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Wed, Aug. 21

Granite Gate resident turns to writing music for kids

The Daily Courier/Matt Hinshaw<br>
Dave Preston stands inside the Granite Gate Senior Living Communities’ lobby selling his latest children’s music album “Imaginary Zoos” Friday afternoon in Prescott.  Preston has been creating songs for children for over 50 years.

The Daily Courier/Matt Hinshaw<br> Dave Preston stands inside the Granite Gate Senior Living Communities’ lobby selling his latest children’s music album “Imaginary Zoos” Friday afternoon in Prescott. Preston has been creating songs for children for over 50 years.

Dave Preston never studied music. He cannot read music or play an instrument, but he always had an uncanny knack for an infectious melody.

Preston, who recently released "Imaginary Zoos," a CD of 14 tracks of children's music, said he discovered his lyrical talent while serving in the Marine Corps in the Philippines at the end of World War II.

Listening to Armed Forces Radio on a buddy's transistor radio, Preston said he experienced an epiphany.

"One day I heard this one song, and I thought 'My God, that's such a lousy song. How could anybody publish something like that,'" recalled Preston, 87.

Preston said he did not know the first thing about writing music, but started "coming up with different combinations of notes" that sounded good to him, writing lyrics to help him remember the melody.

"By the time I got back home, I had about three or four songs all written out, not in my mind," but his mother wrote them out for him - she translated the tunes to the piano while Preston whistled the melody, he said.

"She got me started, so I could work myself up and down a scale. That's about it. I didn't know what else to do once I got a song written. I didn't even know about demos, and things like that," he said.

Decades later, after retiring from a career in recreation therapy in New York, Preston said he moved to Prescott with his wife, and learned from a custodian at the public library - who wrote songs on the side - about making and selling demos.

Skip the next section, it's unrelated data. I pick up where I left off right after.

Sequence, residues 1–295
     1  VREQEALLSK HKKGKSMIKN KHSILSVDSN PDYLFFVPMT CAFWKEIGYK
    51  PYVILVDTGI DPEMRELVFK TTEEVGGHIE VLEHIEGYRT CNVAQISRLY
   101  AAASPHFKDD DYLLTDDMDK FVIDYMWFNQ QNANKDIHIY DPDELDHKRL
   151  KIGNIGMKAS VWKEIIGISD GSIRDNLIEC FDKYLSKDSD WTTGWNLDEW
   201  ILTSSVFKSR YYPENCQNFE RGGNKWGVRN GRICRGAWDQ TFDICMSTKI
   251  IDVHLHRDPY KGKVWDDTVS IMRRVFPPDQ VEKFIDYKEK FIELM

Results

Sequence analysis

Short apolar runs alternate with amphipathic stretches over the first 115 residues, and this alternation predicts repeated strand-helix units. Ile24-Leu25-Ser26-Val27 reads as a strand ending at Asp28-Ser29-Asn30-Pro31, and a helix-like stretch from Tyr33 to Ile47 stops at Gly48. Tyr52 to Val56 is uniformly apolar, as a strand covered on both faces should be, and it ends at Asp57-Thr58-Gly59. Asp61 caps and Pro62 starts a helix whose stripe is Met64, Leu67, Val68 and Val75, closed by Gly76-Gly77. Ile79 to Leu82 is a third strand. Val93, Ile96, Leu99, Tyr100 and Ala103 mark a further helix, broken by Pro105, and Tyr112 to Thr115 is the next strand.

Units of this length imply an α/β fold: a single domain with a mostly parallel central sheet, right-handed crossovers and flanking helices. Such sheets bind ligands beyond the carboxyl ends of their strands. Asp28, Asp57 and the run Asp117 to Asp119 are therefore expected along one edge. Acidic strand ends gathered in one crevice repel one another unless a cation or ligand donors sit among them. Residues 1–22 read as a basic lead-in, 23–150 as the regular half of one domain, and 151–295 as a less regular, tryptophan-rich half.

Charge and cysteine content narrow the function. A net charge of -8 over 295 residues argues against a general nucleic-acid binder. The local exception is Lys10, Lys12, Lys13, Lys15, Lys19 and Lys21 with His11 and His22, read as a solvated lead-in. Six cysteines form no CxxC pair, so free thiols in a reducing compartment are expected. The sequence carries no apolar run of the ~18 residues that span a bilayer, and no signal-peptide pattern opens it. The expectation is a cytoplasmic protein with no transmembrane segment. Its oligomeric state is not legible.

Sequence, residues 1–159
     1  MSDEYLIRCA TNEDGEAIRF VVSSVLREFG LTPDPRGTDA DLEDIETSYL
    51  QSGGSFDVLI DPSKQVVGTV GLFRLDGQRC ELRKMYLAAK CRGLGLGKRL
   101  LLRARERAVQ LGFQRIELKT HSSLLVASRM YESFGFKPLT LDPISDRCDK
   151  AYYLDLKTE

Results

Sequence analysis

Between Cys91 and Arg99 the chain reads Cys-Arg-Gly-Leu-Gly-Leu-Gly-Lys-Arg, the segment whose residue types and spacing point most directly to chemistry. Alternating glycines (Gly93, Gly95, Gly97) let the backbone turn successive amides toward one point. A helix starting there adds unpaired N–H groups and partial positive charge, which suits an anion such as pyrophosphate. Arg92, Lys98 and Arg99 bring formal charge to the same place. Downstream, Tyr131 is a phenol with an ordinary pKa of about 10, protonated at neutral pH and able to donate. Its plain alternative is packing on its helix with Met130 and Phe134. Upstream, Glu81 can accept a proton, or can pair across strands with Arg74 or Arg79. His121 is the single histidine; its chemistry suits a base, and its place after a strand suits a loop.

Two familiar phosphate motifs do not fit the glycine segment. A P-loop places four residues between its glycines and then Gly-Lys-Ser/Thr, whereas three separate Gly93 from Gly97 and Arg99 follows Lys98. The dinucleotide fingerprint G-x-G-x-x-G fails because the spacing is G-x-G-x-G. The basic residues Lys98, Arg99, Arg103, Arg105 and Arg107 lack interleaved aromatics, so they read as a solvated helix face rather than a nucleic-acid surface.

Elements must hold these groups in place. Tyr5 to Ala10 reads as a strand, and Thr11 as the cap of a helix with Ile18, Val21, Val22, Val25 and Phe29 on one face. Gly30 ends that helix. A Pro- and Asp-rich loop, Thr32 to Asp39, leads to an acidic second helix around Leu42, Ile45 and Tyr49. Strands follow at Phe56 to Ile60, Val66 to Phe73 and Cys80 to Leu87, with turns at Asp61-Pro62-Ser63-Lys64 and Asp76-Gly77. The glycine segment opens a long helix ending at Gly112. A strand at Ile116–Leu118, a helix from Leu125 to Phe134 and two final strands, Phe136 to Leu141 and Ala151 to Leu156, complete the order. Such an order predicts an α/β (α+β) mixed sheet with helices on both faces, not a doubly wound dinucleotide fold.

"I sent three away to one of these companies, and a few months later they sent me a letter saying that they had placed two of three songs. One was placed in 'Saturday Night Live,' and one was 'Passions,' I think it was a soap opera," he recalled.

Preston said he received royalty checks from the two songs every month for about a year.

The song that proved particularly successful for Preston was a song he called "Virginia," that he wrote for his wife, he said.

Preston said he later wrote five country songs for an Alabama-based publisher and a few other pieces "sporadically sent here and there," and nearly gave up on the business until he found a publisher who wanted to put out a children's CD, his first full release of songs.

"I still have some right now I think are the best ones I've done, right there in my apartment, that nobody's ever looked at. One of these days, I'll get around to doing that," he said.

Preston said he thought writing children's songs would be a "nice departure from the boy-meets-girl" subject matter he typically wrote about.

"I wanted it to have something to do with animals, so zoos came to mind," he said of the disc a Hollywood-based publisher put out.

"Imaginary Zoos" is available through Allegheny Music Works and other outlets.

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